As Walz continued to call on Minnesotans to keep their distance to help slow the spread of the disease, reporters asked him whether the Minnesota State Fair might be at risk of being called off or postponed from its historical late August-early September run.
The fair puts hundreds of thousands of people close together each year; Walz and other officials have expressed concerns that Minnesota and other states will be dealing with coronavirus cases through the summer.
“Minnesota does need the State Fair,” he said, adding that it was probably too early to make a call. "It would certainly be my hope by the time we got to that point, we'd have a handle on this thing.”
Minnesota lawmakers pass a bill to fund child care providers across the state
The state House and Senate passed the $330 million package that includes nearly $30 million for early-childhood educators.
Minnesota has about 9,000 providers, including many that have struggled to keep their doors open since the COVID-19 crisis hit. Ann McCully, the executive director of Child Care Aware of Minnesota, said with so many parents withdrawing their children from day care, it leaves providers with less money to serve essential employees, including those in health care.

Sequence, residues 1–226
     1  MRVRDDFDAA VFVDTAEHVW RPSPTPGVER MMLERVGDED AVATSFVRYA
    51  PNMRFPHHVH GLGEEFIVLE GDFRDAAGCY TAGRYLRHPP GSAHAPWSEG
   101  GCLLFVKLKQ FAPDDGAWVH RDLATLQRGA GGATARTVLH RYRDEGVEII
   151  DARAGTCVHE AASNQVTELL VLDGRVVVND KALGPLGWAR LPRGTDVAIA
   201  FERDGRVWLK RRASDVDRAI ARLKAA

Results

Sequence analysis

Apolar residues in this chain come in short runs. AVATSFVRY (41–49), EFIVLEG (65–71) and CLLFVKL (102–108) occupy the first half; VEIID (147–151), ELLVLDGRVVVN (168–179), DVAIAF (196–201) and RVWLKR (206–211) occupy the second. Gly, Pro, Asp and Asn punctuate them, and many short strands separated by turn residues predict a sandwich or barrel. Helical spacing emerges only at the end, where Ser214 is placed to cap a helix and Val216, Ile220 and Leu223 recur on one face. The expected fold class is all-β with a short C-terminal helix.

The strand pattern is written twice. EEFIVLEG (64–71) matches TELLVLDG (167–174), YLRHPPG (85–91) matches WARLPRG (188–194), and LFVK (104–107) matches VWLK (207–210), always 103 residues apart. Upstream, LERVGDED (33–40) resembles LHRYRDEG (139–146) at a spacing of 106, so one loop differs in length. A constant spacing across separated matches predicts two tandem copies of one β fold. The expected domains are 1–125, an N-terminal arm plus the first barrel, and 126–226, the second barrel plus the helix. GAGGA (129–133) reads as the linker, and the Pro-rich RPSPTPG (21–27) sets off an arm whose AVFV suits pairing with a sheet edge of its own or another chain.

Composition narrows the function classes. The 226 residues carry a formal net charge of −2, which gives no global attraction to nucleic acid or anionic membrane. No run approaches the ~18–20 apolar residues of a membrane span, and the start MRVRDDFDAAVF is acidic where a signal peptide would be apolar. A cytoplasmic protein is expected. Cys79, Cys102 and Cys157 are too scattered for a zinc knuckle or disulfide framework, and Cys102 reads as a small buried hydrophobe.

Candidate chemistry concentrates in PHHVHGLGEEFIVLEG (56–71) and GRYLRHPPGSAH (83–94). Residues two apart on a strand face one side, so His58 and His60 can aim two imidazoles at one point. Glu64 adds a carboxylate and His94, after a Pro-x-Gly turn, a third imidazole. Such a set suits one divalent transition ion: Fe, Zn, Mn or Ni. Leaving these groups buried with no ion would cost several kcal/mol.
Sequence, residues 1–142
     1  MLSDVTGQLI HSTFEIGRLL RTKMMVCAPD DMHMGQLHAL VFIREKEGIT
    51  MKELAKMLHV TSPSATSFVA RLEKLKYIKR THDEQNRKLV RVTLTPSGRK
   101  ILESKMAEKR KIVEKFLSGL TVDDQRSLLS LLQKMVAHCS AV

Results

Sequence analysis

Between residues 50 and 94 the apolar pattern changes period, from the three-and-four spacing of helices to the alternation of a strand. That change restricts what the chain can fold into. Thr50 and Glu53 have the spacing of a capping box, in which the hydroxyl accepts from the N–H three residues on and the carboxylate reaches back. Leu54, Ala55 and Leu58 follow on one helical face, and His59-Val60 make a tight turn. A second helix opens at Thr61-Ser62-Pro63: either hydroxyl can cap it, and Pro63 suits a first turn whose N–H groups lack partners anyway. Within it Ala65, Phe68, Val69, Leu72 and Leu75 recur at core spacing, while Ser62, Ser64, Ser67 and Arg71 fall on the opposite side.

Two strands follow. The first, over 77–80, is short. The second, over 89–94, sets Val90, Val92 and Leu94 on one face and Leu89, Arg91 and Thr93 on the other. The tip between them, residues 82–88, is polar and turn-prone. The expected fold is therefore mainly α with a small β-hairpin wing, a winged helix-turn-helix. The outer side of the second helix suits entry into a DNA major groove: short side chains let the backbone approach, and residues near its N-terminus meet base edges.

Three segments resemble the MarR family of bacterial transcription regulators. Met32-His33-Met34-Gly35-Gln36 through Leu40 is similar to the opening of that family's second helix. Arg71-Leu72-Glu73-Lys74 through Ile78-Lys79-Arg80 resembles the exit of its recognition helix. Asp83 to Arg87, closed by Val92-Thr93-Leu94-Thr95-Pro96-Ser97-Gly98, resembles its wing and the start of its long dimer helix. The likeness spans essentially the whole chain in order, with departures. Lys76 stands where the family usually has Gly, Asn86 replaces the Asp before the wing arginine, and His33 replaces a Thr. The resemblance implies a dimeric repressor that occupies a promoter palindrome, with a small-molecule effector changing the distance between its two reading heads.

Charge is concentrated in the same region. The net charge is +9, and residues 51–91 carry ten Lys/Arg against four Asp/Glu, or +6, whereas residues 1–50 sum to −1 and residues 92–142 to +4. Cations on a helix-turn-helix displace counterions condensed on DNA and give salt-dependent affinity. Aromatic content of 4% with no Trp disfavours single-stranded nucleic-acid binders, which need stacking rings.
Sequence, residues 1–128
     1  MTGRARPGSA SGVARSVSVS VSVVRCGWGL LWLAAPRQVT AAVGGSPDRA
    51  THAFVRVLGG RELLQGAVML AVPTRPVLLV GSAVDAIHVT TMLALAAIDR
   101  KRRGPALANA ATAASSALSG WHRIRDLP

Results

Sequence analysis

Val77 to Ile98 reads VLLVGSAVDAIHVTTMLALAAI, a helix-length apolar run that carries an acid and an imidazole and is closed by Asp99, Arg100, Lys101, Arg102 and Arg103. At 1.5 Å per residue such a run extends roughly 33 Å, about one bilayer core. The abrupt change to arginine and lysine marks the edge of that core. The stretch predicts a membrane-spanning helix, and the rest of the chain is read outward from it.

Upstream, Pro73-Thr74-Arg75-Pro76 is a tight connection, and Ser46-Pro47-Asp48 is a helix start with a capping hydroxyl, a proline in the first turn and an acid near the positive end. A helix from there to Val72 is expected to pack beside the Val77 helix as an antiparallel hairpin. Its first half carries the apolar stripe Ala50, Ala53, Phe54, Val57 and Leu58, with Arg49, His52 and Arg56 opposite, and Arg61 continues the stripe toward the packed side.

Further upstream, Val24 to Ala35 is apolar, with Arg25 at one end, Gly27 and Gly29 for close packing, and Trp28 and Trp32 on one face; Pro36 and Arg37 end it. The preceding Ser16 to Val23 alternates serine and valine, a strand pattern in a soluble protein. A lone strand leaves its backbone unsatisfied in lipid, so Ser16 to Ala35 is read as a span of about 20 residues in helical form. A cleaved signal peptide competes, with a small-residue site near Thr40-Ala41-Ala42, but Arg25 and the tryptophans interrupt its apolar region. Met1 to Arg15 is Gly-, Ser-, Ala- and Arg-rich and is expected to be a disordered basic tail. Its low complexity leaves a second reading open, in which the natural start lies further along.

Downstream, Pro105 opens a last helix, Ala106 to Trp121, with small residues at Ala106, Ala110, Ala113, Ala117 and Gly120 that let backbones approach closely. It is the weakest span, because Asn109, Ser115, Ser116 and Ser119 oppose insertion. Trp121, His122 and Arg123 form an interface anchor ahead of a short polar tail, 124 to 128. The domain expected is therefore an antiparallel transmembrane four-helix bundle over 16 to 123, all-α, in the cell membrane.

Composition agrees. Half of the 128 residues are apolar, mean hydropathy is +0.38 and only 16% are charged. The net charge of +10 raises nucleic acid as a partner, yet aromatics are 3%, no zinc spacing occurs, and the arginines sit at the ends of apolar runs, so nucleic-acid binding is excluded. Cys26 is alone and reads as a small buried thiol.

“This is something that we've been asking for since the governor first released the first executive order, frankly,” she said. “If we're going to ask our child care communities to step up, we need to try to help them cover the cost of that because there is no other funding stream except for what parents can pay.”
It's still unclear how the grants will be dispersed — or which providers will be first in line for the funding. Some early childhood programs that have closed during the coronavirus pandemic may not benefit from the new funding. Early childhood educators say they would be eligible for grants if they reopen to serve critical workers.
Licensed child care centers, in-home providers as well as tribal programs are eligible to apply for $4,500 monthly grants. Some programs that are willing to open overnight and on weekends to serve emergency workers are eligible for an additional $1,000 monthly.
— Riham Feshir | MPR News
Digi-Key says it’s poised to help make ventilators
A northwestern Minnesota electronics distributor says it has the parts to help make thousands of low-cost ventilators to help meet an expected surge of patients desperately ill with COVID-19.
Digi-Key in Thief River Falls is partnering with the University of Minnesota on a low-cost, easy to build substitute for ventilators that will help hospital patients with the most difficulty breathing. The university built a prototype and Digi-Key has a computer-controlled motor that can make it run.